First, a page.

Advice for couples from cancer caregivers and survivors

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hand holding heart shaped rock Cancerwise.JPGCT scans and chemotherapy sessions don't exactly make great dates. Coping with cancer treatment can be hard on couples, as it introduces new obstacles and challenges.

We talked to some of our patients and caregivers about what helped them grow closer to their partners during treatment. Here's their advice:

Communication is key.
"Cancer causes a variety of emotions for couples. In most ways, it brings you closer together and makes your relationship stronger. In other ways, it feels like you're a million miles apart, as you are both dealing with your own set of emotions.

Communication is key. As a caregiver, you will never fully understand what it's like to be on the other side and vice versa. Always talk about your emotions and try to understand each other. Also, make time for one another as a couple. Steve and I have date nights, weekend getaways, etc. But even just quiet time at home is great, too."  
--Jennifer Martin, melanoma caregiver

Take care of yourselves.
"The most important thing my wife and I could do for each other was take care of ourselves. We were newly engaged when I entered a clinical trial in 2012. We had to keep pursuing what we loved to do, the interests that made us who we were. We had to adjust our lens a little bit since we were so far away from home and a normal life.

We became more verbal about our appreciation for each other and filled the gaps with laughter. At the end of every week, we'd go on a date (usually dinner), and we'd talk about life outside of what we were going through. The most important thing we did was maintain the connection that got us through each and every day."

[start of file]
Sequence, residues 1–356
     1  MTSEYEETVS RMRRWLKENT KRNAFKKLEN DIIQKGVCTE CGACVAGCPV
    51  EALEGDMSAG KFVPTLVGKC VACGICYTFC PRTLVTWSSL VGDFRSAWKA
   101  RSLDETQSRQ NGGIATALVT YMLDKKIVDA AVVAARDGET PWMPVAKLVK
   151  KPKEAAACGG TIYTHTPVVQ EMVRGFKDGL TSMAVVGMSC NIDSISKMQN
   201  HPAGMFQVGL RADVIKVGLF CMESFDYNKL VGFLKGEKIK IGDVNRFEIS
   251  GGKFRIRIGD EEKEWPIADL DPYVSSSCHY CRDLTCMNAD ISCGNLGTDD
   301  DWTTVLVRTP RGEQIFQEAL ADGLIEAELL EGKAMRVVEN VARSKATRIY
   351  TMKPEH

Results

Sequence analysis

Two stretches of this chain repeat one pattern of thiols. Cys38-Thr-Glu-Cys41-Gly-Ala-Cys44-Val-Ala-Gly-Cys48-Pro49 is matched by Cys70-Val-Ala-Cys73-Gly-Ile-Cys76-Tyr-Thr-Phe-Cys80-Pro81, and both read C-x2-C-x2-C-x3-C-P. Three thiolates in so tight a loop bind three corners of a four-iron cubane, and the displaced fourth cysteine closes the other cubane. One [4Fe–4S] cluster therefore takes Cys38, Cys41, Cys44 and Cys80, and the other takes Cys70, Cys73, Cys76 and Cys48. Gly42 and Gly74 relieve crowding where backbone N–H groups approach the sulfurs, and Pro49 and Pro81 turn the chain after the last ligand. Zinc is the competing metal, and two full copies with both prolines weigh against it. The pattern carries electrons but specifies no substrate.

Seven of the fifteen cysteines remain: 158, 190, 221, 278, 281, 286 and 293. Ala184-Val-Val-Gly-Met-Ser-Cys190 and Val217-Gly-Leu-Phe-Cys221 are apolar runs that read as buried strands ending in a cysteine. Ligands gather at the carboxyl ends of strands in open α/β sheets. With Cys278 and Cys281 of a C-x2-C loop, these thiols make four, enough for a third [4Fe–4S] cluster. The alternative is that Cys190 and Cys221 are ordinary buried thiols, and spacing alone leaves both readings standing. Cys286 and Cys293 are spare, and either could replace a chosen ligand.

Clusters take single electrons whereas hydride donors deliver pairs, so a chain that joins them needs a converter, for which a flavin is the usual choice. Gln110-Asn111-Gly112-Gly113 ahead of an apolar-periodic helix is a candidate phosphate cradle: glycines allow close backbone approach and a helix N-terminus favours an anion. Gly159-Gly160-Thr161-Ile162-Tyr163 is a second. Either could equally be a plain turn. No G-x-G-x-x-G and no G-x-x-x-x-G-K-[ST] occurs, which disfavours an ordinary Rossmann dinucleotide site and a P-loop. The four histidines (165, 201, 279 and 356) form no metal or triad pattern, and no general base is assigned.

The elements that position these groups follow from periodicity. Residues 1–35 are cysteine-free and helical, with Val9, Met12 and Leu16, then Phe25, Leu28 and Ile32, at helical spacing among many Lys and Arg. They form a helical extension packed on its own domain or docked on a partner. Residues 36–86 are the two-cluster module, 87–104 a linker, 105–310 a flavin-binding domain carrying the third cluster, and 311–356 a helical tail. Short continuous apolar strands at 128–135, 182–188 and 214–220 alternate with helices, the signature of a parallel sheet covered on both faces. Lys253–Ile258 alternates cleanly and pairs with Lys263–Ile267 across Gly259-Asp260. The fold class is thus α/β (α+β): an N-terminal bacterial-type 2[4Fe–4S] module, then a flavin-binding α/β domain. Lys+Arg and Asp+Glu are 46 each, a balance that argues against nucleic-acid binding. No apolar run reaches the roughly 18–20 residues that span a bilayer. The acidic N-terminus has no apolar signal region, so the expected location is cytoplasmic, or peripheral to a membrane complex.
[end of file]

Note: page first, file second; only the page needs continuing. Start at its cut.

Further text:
--Justin Ozuna, chronic myeloid leukemia survivor

Create a support system.

"Having a support system for myself was a big factor. When my husband Steve was very sick and weak, I was able to bounce the stress of this off my sisters. If not for them, I'm not sure how I would have handled it. I also tried to keep busy.  I spent a lot of time in front of my  sewing machine.  It was a great distraction when I needed it, keeping my mind busy and productive."
 --Becky Remetta, non-Hodgkin lymphoma caregiver

Be there on the good days and the bad days.
"Dealing with cancer is rough, not just on the patient, but the spouse as well. It may even be harder on the spouse. He or she sees the daily struggle and pain and suffers without the aid of medical miracles.

Melanie and I rely heavily upon our ability to be understanding and compassionate. I help her whenever I am strong enough. She knows I will have good days and bad days and is willing to overlook things I may say in frustration. She also has bad days, I understand that. I comfort and love her through them. Together, we are strong.
--Harley Hudson, chronic lymphocytic leukemia (CLL) patient

1 Comment

I was diagnosed with stage 4 melanoma on 8/11.
I was riding bikes with my sister and had a nasty fall due to a seizure. Broke my hip, a rib and had a concussion. When they xrayed my head they found a very large mass in my left temporal lobe and a almost total uncal herniation.
Boy, God is good! After a emergent crainiotomy, I started chemo and had total brain radiation. Then at Moffitt Cancer Center I started a clinical trial. (all for stage 4 melanoma)
That was 3 years ago. I am still NED.
My only issues at this time is trying to get all my hair back :). I also am working on improving my cognitive function and memory deficits.
My faith, family and friends have been wonderful in providing the support I need in taking this one day at a time. I can't do what I used to do. I was a critical care nurse and educator. I loved that work and miss it very much!
But you know, life is still good and has new promises for tomorrow.
So if you are facing something similar, don't fear, and don't give up. God is right there next to you, holding you,

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